Faculty endorsed Stephen Brookfield’s time-honored “hands-on-survival manual,” The Skillful Teacher (1990, 2006). They were energized by his suggestions to engage students in dialogue that explored their values, tested-out their ideas, and strengthened their “ethical” voice—each to confirm what they valued and defend what they believed. And, they supported Swallow’s premise that a reasoned defense of one’s decision to invested listeners was an essential component of ethical decision-making competence (2011).
In addition, faculty were mindful of the American Association of Colleges of Nursing’s (AACN, 2008) recommendation that ethical decision-making competence should be firmly embedded in each nursing course. They selected teaching strategies that promoted ethical decision-making competence, assuring that the corresponding learning activities increased in complexity from course-to-course (see Table 3).
Critical Thinking and Ethical Decision Making
During the early stages of curriculum design, faculty confirmed the definition of critical thinking by Assessment Technologies Institute (ATI) as a dynamic, purposeful, analytic process that results in reasoned decisions and judgments (ATI, 2000). They also agreed with Rubenfeld and Scheffer that consistently demonstrated habits of the mind such as “discriminating, information seeking, applying standards, logical reasoning, predicting, and transforming knowledge” were vital to solving problems (2000, p. 358; 2015). And, they concurred with the behaviors of critical thinkers proposed by Paul and Elder (2006):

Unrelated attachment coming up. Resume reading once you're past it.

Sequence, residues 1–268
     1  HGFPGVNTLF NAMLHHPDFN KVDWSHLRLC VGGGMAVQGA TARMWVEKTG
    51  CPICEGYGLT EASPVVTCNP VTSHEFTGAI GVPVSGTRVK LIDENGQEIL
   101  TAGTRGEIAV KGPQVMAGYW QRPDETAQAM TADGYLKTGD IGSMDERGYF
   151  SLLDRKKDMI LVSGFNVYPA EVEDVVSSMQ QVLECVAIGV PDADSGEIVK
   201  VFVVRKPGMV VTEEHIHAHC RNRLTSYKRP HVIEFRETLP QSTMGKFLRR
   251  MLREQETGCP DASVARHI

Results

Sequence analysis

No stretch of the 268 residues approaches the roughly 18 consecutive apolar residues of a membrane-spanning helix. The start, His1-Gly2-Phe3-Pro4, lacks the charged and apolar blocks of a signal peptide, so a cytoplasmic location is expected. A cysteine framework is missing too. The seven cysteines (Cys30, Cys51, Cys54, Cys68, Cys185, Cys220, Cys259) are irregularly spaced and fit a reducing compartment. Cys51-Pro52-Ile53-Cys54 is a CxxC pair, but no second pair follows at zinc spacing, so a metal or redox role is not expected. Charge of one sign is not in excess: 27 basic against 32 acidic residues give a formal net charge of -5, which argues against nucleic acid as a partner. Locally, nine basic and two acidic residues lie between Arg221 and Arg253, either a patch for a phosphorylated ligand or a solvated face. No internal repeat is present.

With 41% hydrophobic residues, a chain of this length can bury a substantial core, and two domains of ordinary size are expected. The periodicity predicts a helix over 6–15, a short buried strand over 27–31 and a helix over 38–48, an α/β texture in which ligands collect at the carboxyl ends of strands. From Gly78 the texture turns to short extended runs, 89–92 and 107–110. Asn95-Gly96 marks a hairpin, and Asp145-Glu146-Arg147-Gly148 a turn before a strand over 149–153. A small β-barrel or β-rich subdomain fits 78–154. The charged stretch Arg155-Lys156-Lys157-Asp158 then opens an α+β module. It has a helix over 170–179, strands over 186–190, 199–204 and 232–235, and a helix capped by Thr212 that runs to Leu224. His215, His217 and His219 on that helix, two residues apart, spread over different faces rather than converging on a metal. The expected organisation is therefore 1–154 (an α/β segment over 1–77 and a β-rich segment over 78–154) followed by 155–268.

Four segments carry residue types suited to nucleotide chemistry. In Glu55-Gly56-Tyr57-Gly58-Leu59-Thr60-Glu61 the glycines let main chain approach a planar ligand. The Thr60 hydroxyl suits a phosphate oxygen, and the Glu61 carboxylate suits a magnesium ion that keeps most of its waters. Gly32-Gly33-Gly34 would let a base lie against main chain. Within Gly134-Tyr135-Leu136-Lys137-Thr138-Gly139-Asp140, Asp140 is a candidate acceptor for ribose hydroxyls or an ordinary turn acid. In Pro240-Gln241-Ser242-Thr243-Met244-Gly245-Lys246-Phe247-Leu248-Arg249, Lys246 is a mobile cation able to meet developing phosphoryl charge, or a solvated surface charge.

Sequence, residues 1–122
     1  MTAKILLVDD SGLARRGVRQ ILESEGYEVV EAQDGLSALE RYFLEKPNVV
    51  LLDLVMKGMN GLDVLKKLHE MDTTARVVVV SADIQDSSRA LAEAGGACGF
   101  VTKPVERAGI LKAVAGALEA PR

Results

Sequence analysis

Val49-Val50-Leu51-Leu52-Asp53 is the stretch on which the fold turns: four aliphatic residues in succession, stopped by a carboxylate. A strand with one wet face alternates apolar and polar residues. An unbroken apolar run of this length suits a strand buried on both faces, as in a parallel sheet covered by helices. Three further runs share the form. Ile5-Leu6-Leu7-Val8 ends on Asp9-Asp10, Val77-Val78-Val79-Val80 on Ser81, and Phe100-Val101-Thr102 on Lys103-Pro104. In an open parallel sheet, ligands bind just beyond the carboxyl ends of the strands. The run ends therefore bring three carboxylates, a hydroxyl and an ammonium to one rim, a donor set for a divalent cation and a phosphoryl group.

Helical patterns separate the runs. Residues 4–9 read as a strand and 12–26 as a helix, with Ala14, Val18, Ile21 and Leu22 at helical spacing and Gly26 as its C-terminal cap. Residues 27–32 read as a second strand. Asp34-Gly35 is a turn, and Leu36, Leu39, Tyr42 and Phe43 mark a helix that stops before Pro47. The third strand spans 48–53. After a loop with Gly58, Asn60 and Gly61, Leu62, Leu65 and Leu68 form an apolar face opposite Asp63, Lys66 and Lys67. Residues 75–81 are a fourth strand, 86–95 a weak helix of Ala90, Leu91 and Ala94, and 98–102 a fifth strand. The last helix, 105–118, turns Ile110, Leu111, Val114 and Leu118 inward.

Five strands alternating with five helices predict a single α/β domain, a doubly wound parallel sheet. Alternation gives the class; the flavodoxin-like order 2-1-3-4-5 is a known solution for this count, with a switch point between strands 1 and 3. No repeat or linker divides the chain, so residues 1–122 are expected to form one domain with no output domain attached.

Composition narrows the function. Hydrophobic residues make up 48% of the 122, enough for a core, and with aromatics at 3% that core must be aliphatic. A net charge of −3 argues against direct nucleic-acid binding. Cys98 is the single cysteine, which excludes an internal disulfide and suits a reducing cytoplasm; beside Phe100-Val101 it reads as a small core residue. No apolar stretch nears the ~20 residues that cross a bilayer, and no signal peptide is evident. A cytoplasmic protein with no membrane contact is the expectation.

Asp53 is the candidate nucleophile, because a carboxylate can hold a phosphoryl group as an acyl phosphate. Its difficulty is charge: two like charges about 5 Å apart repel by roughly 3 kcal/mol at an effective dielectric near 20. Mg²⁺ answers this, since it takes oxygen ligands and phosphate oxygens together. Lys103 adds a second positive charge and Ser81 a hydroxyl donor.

to ask clear, pertinent questions and identify key problems
to analyze and interpret information by using abstract thinking
to generate reasonable conclusions and solutions that are tested according to sensible criteria and standards
to remain open-minded as they consider alternative thought systems, and
to solve complex problems by effectively communicating with other people (p. 4).
At the same time, faculty endorsed Matthews’ algorithm for ethical decision making such that, by the end of the nursing curriculum, each student would have the opportunity to
identify an ethical dilemma in health care or nursing practice that held personal or professional interest, then develop a simple question directly related to the dilemma identified;